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Hope Wright v. Pritchard Industries

March 14, 2011

HOPE WRIGHT, PLAINTIFF-APPELLANT,
v.
PRITCHARD INDUSTRIES, INC., AND CITY OF ENGLEWOOD, DEFENDANTS-RESPONDENTS.



On appeal from the Superior Court of New Jersey, Law Division, Bergen County, Docket No. L-5070-08.

Per curiam.

NOT FOR PUBLICATION WITHOUT THE APPROVAL OF THE APPELLATE DIVISION

Argued November 29, 2010

Before Judges Sabatino and Alvarez.

Plaintiff Hope Wright appeals the January 22, 2010 grant of summary judgment to defendants Pritchard Industries (PI) and the City of Englewood (the City), resulting in the dismissal of her complaint. For the reasons that follow, we affirm.

Plaintiff, a computer technician employed by the Englewood Board of Education (the Board), was injured in a bathroom stall, located in the basement of a building owned by the City, while she was at work on July 26, 2006. The injuries were inflicted when a heavy, old-fashioned metal stall door came loose and struck her left hand. The premises where the accident occurred are leased by the City to the Board and maintained by PI.

The trial court granted summary judgment to the City after discovery was completed because plaintiff did not produce evidence of any dangerous condition causing the stall door to fall, or any evidence that the City had actual or constructive notice of such a condition. Therefore, plaintiff could not make out a prima facie case under the Tort Claims Act (TCA), N.J.S.A. 59:4-2.

The trial judge also concluded plaintiff had no proof establishing PI had been negligent in its maintenance or inspection of the bathroom. Hence PI's motion for summary judgment was also granted. In fact, plaintiff did not know the reason the stall door fell, nor did she present proof anyone noticed a problem with the hinges or the door itself. Until the accident, plaintiff herself did not experience difficulties with the door, even though she used that bathroom regularly.

Now, for the first time on appeal, plaintiff contends her cause of action should have survived summary judgment by virtue of the doctrine of res ipsa loquitur. Additionally, she asserts, as she did in defense of the summary judgment application, that the City had a non-delegable duty of care to render the premises reasonably safe, that PI failed to properly maintain and inspect the premises, and that whether the City's conduct was palpably unreasonable and whether it had constructive notice of problems with the door, are jury questions. In sum, plaintiff contends she presented a prima facie case establishing a dangerous condition, constructive notice, and palpably unreasonable acts or omissions on the part of defendants.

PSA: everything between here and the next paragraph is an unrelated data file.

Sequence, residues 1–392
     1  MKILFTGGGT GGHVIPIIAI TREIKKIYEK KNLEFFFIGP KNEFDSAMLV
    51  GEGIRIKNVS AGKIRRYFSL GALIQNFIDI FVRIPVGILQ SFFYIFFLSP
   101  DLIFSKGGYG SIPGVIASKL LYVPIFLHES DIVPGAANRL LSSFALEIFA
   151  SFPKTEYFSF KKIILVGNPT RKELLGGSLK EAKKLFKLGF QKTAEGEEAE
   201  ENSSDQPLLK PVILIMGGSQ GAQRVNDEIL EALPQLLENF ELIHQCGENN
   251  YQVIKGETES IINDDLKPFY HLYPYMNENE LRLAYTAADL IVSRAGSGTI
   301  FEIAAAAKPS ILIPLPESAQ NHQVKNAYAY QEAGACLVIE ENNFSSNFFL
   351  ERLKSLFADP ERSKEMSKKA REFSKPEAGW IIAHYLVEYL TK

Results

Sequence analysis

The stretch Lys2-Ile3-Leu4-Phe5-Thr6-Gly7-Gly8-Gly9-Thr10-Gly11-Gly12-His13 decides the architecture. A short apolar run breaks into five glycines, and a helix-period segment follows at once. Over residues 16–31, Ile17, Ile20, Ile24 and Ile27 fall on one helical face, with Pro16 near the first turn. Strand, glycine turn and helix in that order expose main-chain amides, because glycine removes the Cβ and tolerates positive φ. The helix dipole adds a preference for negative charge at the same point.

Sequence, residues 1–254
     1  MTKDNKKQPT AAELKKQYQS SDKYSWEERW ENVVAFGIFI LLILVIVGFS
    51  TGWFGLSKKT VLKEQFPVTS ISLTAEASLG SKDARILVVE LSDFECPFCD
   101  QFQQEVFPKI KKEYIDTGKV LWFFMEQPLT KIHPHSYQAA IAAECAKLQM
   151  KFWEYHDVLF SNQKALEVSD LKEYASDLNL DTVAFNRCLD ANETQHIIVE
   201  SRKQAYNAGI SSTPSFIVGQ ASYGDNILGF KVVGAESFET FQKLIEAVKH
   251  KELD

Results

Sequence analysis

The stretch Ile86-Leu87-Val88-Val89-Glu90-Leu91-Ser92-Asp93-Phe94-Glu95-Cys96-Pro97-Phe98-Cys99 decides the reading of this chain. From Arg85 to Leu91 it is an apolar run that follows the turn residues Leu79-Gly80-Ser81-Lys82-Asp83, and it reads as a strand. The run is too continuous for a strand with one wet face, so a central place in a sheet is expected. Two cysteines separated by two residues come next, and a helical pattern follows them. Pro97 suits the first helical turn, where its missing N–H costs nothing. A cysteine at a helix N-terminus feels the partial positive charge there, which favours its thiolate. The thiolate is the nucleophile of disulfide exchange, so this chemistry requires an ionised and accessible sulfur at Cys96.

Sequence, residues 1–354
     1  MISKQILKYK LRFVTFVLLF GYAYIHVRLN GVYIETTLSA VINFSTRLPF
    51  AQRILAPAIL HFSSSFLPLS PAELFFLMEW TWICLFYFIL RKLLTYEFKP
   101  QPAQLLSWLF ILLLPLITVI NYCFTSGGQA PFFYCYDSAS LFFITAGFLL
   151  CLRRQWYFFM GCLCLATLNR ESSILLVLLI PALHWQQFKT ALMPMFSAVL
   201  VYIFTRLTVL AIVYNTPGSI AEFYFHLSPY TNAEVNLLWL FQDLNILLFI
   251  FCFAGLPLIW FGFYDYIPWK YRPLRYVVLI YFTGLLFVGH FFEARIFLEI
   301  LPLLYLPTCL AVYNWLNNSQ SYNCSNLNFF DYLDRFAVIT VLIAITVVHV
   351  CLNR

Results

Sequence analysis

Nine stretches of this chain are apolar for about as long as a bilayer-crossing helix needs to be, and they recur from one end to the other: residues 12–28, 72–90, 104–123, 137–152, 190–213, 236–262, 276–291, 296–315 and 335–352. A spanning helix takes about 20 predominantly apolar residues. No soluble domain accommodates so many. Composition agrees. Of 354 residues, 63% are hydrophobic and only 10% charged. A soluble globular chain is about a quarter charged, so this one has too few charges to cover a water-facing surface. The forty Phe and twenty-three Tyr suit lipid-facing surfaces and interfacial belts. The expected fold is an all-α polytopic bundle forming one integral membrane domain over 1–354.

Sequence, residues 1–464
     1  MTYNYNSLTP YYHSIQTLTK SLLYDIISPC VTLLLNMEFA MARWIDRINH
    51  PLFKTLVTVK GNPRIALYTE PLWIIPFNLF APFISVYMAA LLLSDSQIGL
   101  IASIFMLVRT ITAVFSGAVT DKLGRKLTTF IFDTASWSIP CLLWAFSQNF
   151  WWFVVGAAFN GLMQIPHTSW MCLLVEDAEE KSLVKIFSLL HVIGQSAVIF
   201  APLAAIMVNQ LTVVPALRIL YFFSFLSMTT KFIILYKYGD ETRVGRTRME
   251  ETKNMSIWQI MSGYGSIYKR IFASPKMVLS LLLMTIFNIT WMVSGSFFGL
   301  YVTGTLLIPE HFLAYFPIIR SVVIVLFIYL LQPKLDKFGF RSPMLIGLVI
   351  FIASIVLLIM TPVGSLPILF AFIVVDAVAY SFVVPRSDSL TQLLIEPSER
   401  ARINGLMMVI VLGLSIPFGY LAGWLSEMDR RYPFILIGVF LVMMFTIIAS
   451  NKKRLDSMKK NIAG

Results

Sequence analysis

a.

On review of an order granting summary judgment, this court applies the same standards as the trial court. Prudential Prop. & Cas. Ins. Co. v. Boylan, 307 N.J. Super. 162, 167 (App. Div.), certif. denied, 154 N.J. 608 (1998). Summary judgment will be granted where the moving party can prove "there is no genuine issue as to any material fact challenged and that the moving party is entitled to a judgment or order as a matter of law."

R. 4:46-2(c). On appeal, we decide, based on the record provided, whether a genuine issue of material fact exists. Prudential Prop. & Cas. Ins. Co., supra, 307 N.J. Super. at 167.

An issue of material fact is genuine when "the competent evidential materials presented, when viewed in the light most favorable to the non-moving party . . . , are sufficient to permit a rational fact[-]finder to resolve the alleged disputed issue in favor of the non-moving party." Brill v. Guardian Life Ins. Co. of Am., 142 N.J. 520, 523 (1995). Consequently, if it is possible that a fact-finder would decide in favor of the non-moving party, granting summary judgment is improper. Ibid. "'Bare conclusions in the pleadings, without factual support in tendered affidavits, will not defeat a meritorious application for summary judgment[,]'" Triffin v. Somerset Valley Bank, 343 N.J. Super. 73, 87 (App. Div. 2001) (quoting U.S. Pipe & Foundry Co. v. Am. Arbit. Ass'n, 67 N.J. Super. 384, 399-400 (App. Div. 1961)); see also Brae Asset Fund, L.P. v. Newman, 327 N.J. Super. 129, 134 (App. Div. 1999), nor will "'conclusory and self-serving assertions' in certifications without explanatory or supporting facts[.]" Hoffman v. Asseenontv.com, Inc., 404 N.J. Super. ...


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